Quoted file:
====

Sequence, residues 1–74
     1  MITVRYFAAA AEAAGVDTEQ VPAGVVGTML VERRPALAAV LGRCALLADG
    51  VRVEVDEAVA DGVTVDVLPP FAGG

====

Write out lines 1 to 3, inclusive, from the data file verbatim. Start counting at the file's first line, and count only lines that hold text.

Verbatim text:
Sequence, residues 1–74
     1  MITVRYFAAA AEAAGVDTEQ VPAGVVGTML VERRPALAAV LGRCALLADG
    51  VRVEVDEAVA DGVTVDVLPP FAGG